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Are online reviews going extinct? 8 ways they’ll be different by 2020

(Social Media) Online reviews are on the brink of changing dramatically, so what does this mean for your business?

online reviews

online reviews

The state of online reviews

Online reviews have gone mainstream, and the majority of people either write them, or at least view them, making purchasing decisions based on others’ opinions. But something is shifting. The problem with some of the big review sites are considered by some to be an outmoded one-size-fits-all solution.

Why is that a problem? The world is going niche. Justin Parfitt, CEO of HeyLets has expertise on how reviews are used by consumers, and says that the next generation of review sites and apps will more intelligently utilize your personal data and contextual preferences to make more thoughtful recommendations.

Consider that HeyLets can already show you a personalized feed of recommendations from users who have similar interests, and use your social data to inspire you to try new things across the full range of your interests.

Even more impressive, next-generation apps like HeyLets will soon learn over time how you live your life, and be able to do things like:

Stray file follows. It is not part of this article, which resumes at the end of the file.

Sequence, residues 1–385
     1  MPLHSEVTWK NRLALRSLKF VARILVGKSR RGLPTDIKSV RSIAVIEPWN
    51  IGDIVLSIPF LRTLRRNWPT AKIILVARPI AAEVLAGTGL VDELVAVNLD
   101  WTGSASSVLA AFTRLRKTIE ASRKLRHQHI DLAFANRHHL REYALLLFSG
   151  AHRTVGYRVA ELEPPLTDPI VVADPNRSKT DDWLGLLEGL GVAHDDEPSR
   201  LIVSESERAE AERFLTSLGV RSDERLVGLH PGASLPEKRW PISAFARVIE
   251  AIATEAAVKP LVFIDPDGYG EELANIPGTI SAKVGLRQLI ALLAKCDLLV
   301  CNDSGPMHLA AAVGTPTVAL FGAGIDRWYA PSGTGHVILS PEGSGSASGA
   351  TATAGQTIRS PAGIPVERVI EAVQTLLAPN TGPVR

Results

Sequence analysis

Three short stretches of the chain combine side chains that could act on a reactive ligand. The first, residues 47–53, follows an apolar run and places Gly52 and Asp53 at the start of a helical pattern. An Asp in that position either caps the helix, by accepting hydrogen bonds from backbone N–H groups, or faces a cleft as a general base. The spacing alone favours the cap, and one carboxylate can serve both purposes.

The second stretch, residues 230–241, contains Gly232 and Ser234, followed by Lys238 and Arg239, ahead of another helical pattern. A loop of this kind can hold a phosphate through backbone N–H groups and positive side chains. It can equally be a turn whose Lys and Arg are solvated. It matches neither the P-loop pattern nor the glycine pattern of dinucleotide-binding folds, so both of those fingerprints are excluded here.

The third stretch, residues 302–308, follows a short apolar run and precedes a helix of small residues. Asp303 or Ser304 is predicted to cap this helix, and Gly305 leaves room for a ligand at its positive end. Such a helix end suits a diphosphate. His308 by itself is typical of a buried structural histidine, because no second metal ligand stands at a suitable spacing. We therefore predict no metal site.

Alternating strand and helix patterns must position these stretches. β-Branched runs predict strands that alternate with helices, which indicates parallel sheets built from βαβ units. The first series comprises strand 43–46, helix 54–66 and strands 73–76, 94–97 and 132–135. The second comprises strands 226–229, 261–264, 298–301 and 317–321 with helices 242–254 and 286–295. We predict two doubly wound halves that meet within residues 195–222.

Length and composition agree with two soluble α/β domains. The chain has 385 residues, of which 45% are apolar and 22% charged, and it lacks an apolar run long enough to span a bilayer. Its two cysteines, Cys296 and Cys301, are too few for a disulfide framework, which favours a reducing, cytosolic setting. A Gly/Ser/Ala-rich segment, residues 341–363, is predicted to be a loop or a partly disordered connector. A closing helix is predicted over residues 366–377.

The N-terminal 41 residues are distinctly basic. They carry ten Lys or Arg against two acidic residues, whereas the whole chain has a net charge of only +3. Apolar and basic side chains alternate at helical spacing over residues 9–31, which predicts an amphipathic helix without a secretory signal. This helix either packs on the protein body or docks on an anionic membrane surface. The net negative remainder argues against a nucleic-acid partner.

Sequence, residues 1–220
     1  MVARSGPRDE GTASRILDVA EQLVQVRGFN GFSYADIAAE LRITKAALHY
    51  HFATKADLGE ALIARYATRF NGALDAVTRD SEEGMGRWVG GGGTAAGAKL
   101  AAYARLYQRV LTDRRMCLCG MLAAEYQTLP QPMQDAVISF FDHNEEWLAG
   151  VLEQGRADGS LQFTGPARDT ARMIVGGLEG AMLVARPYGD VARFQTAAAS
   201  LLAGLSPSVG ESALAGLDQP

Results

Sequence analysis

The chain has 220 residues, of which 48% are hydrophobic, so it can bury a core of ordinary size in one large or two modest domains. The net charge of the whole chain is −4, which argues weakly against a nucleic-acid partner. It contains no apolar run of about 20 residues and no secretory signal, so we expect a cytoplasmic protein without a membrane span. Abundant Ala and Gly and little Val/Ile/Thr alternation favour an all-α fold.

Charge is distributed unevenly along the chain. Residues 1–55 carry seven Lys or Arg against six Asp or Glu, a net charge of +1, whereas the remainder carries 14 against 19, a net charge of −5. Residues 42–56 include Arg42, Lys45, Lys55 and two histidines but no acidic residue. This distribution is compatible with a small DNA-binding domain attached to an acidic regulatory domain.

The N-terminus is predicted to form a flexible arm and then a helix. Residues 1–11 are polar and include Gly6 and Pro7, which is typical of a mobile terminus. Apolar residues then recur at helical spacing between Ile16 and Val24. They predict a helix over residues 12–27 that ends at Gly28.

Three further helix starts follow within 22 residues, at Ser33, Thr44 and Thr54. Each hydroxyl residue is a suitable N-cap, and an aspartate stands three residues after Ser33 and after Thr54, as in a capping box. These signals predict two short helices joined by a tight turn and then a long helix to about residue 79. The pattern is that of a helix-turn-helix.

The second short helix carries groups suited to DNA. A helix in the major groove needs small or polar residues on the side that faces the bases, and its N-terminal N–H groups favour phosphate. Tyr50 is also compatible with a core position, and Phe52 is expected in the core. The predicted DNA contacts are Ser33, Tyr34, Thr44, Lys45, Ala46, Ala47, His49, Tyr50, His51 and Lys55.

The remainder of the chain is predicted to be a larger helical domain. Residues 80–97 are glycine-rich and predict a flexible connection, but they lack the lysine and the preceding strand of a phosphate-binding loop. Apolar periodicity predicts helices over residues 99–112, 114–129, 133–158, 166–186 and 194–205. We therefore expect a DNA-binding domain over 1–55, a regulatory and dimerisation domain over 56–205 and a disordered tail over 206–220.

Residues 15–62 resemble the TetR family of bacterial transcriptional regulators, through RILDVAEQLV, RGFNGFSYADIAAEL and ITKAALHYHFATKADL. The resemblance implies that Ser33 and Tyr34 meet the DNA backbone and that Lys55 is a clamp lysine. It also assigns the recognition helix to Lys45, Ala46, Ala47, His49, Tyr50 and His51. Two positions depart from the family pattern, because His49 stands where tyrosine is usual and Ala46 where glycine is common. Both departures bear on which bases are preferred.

• Anticipate your needs and propose activities for particular days by using information about past movements and even the weather forecast.
  • Automatically disregard reviews from people with distinctly different preferences (i.e. a vegan diner who posts a at a non-vegan restaurant).
  • Help you avoid less reliable reviews from “Debbie Downers” — people who only post critical updates and negative content.

8 ways online reviews will be different by 2020

In his own words below, Parfitt offers eight ways he says online reviews will differ from today in coming years:

  1. Anticipate your needs and propose activities for particular days by using information about your past movements and even the weather forecast. (i.e. if you like bars and surfing you’ll get a recommendation for beaches where the surf will be good that also have bars you’ll enjoy)
  2. Disregard content from people with different preferences (i.e. a vegan diner who posts a at a non vegan restaurant).
  3. Seek out the experiences locals enjoy.
  4. Help you avoid people who only post critical updates.
  5. Put little quirks and minor issues (i.e. “they take only cash”) into context and treat them as tips.
  6. Allow you to truly find the “diamond in the rough” – truly something that very few people have experienced.
  7. Focus on the positive, and automatically avoid negativity.
  8. Expand your network to automatically put you in touch with people who are more likely to become your best friend, based on extremely similar interest.

The American Genius is news, insights, tools, and inspiration for business owners and professionals. AG condenses information on technology, business, social media, startups, economics and more, so you don’t have to.

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